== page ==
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Legislative audit faults DBED in four areas

A legislative audit released Tuesday found that the state’s Department of Business and Economic Development was deficient in four areas, including one that was pointed out in a 2008 report.

The Department of Legislative Services started its audit in October 2007 and ended in November 2010.

The audit team found that DBED did not require applicants to the One Maryland Tax Credit program to document their project and startup costs, which are directly related to the tax credit amount.

The auditors looked at 10 tax credit applicants and found that eight applicants, which certified for $34 million in credits, “did not provide any documentation to support these reported project and start-up costs.” The state comptroller’s records showed that four of those eight businesses had taken $11.7 million in the tax credits from 2006 to 2009.

“There’s a lot of talk down at the legislature about taxes and different bills about credits, so, I think it’s of interest,” said Bruce Myers, the state’s chief legislative auditor, adding that the tax credit finding was the worst of the deficiencies.

DBED, which was notified of the findings in September, immediately began addressing them and has already incorporated a requirement for applicants to detail their costs, said spokeswoman Karen Glenn Hood.

However, the finding does not mean that DBED has been blindly giving away money.

“That is absolutely not the case at all,” said Hood, adding that when a company applies for the Maryland One Tax Credit, it has to certify, under penalty of perjury, how much was spent and how many jobs were created.

“Years and years ago, we used to have boxes and boxes of receipts from companies,” she said. Over the past years, the agency has simplified the process, and “auditors have always agreed that those processes were fair and equitable.

“What the auditors wanted us to do is to get more details of those costs,” she said.

The report also said DBED failed to recoup a $250,000 investment in an international technology company that moved its principal business outside of Maryland. The investment, one of three Maryland Venture Fund investments the auditors reviewed, was in ClassifEye Ltd., an Israeli company developing fingerprint authentication technology that uses the camera in mobile devices. DBED made the investment in June 2008 via the Enterprise Investment Fund.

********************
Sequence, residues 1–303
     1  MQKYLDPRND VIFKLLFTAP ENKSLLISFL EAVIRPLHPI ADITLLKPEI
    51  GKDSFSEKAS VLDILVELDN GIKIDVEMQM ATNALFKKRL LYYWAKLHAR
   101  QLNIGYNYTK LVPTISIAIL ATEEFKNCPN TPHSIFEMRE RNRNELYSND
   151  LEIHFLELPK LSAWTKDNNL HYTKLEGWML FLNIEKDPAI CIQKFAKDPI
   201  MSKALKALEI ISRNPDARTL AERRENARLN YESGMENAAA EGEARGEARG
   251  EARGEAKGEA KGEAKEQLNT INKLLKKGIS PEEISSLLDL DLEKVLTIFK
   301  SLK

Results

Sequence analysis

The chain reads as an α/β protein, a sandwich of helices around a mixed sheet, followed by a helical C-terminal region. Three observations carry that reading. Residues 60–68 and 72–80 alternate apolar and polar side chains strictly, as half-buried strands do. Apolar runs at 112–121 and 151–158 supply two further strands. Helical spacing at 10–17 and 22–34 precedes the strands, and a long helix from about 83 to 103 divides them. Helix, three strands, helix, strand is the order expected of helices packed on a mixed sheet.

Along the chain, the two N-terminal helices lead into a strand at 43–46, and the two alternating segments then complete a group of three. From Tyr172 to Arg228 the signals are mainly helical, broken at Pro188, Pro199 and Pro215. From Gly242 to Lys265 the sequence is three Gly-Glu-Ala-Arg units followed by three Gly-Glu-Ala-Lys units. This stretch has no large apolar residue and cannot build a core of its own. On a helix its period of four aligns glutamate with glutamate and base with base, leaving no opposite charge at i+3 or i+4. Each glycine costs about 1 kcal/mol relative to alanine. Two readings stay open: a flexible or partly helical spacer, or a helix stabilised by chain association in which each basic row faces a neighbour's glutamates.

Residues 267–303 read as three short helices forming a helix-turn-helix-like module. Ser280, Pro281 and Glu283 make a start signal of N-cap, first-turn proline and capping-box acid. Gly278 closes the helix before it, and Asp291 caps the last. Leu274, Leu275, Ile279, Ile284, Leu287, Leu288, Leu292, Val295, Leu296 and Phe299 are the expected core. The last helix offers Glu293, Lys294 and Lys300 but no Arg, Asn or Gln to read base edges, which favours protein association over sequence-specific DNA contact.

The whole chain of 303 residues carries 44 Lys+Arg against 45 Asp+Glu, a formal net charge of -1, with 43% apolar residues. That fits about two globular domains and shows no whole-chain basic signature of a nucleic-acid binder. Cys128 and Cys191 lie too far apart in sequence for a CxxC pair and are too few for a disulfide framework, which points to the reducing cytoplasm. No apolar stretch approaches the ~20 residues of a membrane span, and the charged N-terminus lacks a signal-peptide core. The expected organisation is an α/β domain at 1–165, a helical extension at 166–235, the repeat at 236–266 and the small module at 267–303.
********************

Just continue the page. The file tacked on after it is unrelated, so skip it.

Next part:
EIF money is given to companies that agree to keep their principal place of business in Maryland for five years. In March 2009, the company closed its Maryland operations.

As required by state law, DBED’s agreement with the company included a provision that allows the agency to recover its money and 10 percent interest per year if the company moves out of the state within five years of the investment.

As of June 6, 2011, DBED had not attempted to recover the money, which the report estimated to be $325,000. The agency has since sent a demand letter to the company and is attempting to recover the investment, DBED said.

The auditors also recommended that DBED comply with the Department of Information’s Information Security Policy, which requires “least privilege,” by limiting access in its financial programs monitoring system to employees who need it. Specifically, the audit found that some employees had more privileges than their position needed, such as the capability to initiate bills and post payments. Others had transferred to another division in DBED or left the agency.

The auditors also reviewed the status of the findings from the previous report, dated Nov. 10, 2008, and found that DBED “satisfactorily addressed” 10 of the 11 findings. Inadequate expenditure and performance reporting from DBED grant recipients is an item that appeared on the preceding audit of the agency.

“Without such reports, DBED could not adequately monitor the grantees to ensure use of the funds was consistent with the purpose of the grants,” the report said.

In a formal response to the audit, the agency agreed with all of the findings and noted an action plan to address them.

“I do believe from when I’m talking to our internal auditors that this was the least amount of findings that this department has ever had,” Hood said. “Overall, we were very pleased with the audit and we’ve already made aggressive efforts to rectify all the findings.”

DBED went above the 75 percent state average for audit compliance from the previous report, Myers said.

“They did 10 of 11 from last time. That’s higher than our statewide average. It’s not perfect, we like to see them all,” he said, adding that the legislature has also been pushing against repeat items.

“They want to know why you even have one,” he said.